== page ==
The pandemic has turbocharged this process of medical objectification. We are no longer individuals, with unique desires, responses, wishes and drives, but rather are primarily considered by policy makers to be infection risks. Once we are primarily objects, rather than diverse human beings, it then becomes legitimate for medical procedures to be mandated, mask wearing to be forced, or our movements to be tracked and traced.
If we are people in a society with an authoritarian structure, where our ability to participate and do the things we wish to do every day are conditional on the approval of government, then our way of relating with power structures is no longer one of “We are all in partnership together” but one of “behavioural correction.” In such a system the mask becomes a tool for enacting that behavioural correction.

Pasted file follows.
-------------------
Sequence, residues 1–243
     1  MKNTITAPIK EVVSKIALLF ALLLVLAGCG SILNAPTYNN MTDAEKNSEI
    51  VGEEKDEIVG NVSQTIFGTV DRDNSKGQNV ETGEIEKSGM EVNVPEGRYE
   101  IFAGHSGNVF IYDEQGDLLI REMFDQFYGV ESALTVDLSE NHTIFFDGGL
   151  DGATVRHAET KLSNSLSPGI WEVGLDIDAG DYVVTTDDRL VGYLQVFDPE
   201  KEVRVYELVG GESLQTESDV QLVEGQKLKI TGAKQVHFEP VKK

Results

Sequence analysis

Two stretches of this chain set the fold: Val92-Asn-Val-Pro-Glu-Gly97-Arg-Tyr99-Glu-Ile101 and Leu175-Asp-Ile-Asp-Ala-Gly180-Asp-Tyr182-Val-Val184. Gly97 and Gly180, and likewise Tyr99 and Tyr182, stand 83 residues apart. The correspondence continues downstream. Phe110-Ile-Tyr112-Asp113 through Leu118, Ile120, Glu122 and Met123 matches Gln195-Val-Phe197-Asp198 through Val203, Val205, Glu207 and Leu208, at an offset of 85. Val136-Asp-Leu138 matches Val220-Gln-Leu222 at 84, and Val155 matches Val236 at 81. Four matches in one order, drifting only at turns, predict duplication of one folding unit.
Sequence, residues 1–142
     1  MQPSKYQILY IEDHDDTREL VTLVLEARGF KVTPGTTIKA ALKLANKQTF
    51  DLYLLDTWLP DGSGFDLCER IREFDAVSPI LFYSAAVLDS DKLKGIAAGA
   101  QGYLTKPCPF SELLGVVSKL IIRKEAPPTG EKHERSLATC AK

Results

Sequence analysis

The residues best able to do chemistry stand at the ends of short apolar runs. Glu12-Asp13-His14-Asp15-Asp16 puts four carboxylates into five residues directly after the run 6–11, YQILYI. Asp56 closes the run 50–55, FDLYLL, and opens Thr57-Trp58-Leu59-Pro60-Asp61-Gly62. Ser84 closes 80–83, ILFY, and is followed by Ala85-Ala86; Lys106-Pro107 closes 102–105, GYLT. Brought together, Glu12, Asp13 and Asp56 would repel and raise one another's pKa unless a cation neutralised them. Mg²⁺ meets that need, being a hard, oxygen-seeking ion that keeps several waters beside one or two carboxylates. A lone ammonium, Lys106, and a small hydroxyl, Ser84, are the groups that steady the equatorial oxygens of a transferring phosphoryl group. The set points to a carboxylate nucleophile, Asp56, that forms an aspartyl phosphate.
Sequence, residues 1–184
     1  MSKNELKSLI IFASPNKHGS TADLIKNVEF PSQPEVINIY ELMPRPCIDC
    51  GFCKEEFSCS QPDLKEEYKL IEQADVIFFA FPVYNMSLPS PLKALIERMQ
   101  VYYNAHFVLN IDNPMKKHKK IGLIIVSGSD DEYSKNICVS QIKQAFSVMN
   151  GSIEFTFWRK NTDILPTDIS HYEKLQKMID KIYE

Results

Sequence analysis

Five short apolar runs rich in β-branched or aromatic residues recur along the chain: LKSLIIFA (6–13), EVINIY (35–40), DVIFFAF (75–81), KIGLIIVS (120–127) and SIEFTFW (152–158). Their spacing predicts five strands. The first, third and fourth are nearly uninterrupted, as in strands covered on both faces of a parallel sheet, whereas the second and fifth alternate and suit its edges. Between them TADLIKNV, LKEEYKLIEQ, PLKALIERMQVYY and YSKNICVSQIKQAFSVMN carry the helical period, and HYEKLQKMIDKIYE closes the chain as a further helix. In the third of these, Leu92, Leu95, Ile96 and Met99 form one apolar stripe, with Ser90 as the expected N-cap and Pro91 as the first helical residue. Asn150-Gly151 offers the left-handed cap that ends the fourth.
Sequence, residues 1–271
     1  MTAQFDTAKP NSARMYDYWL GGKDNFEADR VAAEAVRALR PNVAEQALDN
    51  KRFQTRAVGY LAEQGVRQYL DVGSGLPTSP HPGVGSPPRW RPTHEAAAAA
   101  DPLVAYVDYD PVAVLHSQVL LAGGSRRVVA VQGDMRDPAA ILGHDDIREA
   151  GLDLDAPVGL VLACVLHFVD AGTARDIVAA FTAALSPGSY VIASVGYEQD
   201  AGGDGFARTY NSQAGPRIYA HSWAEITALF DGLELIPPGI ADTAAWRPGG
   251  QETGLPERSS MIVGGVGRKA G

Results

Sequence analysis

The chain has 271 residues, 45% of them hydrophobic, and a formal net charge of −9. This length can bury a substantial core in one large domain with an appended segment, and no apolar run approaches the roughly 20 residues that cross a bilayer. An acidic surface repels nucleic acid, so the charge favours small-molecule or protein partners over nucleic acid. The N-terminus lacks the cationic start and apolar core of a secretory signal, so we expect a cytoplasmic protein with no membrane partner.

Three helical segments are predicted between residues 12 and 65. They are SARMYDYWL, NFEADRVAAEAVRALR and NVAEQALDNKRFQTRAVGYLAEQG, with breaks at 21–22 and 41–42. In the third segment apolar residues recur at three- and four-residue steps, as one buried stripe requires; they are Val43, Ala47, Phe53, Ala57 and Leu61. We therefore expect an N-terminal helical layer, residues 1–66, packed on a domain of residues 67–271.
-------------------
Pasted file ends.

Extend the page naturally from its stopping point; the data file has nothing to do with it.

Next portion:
The solution to distress that is caused by closed services, missed education, lost income, poverty, debt, or coercive public health interventions is not to be found in psychiatric services – and particularly not in psychiatric services whose treatment options have been restricted to pharmacology only approaches.
At a time of crisis, such as during a pandemic, is exactly when such institutions are even more needed than ever, and when faced with uncertainty, many seek the comfort and support of religious institutions.Yet during the pandemic and the lockdowns, religious institutions were only too willing to shut themselves down, close their doors, and therefore abandon those that depended on them.
These principles can help risk assessments function as intended – as a tool to help individuals and communities evaluate risk and put in place targeted measures, to contain and ultimately reduce anxiety, and to move away from more performative measures that simply serve to entrench anxiety and cause harm, without any benefit.